Dark mode is a setting you can activate on many devices, or a theme you can toggle on individual websites, which makes backgrounds black or dark, and the text on top light. Many people like it because they feel the lower overall brightness reduces their eye strain, or because it’s supposed to be better for their devices’ battery life. (Basically, on an OLED screen, pixels that are black get the light behind them turned off entirely, so if there are a lot of black pixels, less light is used and therefore less power consumed.) Other people, though, including myself, find dark mode harder to read and less comfortable to the eye. The best way to deal with this as a web developer (or any other kind of developer, really) is to offer both modes, preferably with some way of detecting users’ set preference and serving them up the correct stylesheet accordingly.
The easiest way to implement dark mode, and the way I’ve done it on this site, is to have two stylesheets: your primary stylesheet, including the colour scheme you consider your site’s default; and a supplementary stylesheet that overrides the colours for users of the opposite mode, linked to with a
media attribute that specifies it is to be used if the user’s preference is [light|dark] mode. For example, in my site’s
<head>, I link to the two stylesheets like so:
<link rel="stylesheet" href="/css/base-stylesheet.css"> <link rel="stylesheet" href="/css/dark-mode.css" media="screen and (prefers-color-scheme: dark)">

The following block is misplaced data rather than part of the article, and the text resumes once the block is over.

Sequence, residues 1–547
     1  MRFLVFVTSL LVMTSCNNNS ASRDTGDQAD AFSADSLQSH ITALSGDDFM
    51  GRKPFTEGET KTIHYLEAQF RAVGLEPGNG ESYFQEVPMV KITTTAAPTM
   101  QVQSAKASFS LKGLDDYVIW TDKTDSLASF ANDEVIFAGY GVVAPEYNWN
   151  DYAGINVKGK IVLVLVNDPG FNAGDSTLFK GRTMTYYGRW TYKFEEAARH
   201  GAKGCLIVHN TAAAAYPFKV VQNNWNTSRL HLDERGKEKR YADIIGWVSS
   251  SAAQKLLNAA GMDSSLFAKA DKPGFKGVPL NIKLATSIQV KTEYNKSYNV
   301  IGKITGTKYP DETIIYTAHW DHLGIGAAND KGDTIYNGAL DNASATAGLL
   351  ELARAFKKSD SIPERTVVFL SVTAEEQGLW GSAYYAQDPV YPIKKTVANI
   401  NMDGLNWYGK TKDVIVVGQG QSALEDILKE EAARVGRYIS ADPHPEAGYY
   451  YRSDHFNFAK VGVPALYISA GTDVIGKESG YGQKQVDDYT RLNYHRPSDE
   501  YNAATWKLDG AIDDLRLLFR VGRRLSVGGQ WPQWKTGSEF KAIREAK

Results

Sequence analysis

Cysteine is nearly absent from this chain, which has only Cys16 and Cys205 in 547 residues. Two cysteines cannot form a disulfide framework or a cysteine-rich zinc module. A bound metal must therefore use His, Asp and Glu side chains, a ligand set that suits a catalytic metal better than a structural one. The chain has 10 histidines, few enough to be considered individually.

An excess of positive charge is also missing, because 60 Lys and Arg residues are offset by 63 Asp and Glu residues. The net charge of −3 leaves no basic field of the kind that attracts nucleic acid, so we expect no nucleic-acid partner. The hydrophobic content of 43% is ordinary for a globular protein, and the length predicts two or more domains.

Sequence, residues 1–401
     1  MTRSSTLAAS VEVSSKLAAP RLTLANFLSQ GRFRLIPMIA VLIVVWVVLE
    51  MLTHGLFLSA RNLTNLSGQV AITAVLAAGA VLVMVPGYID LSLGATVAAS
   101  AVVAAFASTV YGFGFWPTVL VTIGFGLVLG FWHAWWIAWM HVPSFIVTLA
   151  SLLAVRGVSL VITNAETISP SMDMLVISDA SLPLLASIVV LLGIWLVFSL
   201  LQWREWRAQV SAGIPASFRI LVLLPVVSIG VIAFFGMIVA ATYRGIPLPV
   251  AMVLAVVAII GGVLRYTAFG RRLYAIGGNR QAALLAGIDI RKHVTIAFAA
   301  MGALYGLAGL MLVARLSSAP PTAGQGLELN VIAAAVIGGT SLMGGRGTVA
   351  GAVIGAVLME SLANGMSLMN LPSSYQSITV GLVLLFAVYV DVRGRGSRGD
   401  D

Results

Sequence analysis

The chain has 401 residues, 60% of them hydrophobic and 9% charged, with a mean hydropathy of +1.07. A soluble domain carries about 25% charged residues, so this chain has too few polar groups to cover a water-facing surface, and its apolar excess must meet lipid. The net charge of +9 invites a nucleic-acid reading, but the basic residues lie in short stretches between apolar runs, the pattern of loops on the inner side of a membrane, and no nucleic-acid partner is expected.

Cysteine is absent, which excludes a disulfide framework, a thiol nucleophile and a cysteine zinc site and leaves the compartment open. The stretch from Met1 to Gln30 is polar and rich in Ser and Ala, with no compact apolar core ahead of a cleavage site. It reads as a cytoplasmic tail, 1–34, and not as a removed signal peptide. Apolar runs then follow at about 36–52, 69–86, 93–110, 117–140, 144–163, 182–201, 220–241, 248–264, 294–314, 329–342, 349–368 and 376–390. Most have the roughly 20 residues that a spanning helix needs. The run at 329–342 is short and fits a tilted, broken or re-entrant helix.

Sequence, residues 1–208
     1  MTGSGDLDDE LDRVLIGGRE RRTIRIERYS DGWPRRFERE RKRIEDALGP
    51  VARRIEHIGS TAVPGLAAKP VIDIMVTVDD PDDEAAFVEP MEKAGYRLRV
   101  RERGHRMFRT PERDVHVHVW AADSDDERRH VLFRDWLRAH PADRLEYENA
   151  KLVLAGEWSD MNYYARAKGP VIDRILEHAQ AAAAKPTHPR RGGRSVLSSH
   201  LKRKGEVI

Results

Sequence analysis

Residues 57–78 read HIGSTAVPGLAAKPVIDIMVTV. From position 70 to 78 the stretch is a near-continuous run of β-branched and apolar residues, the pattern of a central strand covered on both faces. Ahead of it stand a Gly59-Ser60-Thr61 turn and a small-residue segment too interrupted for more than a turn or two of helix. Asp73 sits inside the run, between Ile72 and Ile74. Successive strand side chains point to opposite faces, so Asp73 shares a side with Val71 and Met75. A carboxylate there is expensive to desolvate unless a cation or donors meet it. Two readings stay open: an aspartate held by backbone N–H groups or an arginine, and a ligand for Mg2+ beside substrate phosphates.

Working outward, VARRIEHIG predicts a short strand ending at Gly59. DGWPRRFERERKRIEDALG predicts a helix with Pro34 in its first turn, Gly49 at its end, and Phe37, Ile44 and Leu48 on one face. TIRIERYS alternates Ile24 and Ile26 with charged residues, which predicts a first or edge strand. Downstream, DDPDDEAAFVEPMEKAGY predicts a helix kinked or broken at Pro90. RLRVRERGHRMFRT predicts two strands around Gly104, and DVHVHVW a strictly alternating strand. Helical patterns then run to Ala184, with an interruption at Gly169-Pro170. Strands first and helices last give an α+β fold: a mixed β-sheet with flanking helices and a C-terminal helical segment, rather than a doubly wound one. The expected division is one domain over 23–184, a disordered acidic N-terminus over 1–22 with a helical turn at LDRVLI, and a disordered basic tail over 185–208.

This is not the only way. Indeed, this way is somewhat limited: you might prefer that users can switch between light and dark modes at will, rather than just displaying them the mode that matches their pre-set preferences. A Complete Guide to Dark Mode runs through some of your other options, and also talks about some other design considerations (e.g. image brightness, text thickness and shadowing).
For people with astigmatism, “dark mode” (light text on a dark background) is harder to read than “light mode” (dark text on a light background). Apparently the explanation has to do with light levels: the greater amount of light given off by a light-coloured background causes the iris to close a bit more, reducing the impact that the deformed lens which causes astigmatism can have. For people with either astigmatism or short-sightedness, light text on a dark background can cause “halation”, where letters appear to bleed into the background, creating a foggy impression that can make things hard to read. For me personally, I get these greenish lines covering my field of view, and as they start “swimming” across my vision, the overlapping lines (of the continuing text and the “burnt-in” lines) start to disorient me and I can’t keep my place in what I’m looking at (plus, it’s kind of nauseating). So, I find it unsustainable to read extended text in dark mode.
Relevant Blog Posts of Mine
See Also / References
- A Complete Guide to Dark Mode (also linked in body text)
- Chris Morgan’s dark theme implementation (if you want another idea for how to implement it)
- Dark Mode Isn’t ‘Easier on the Eyes’ for Everybody
- Is dark mode better or worse for your eyes?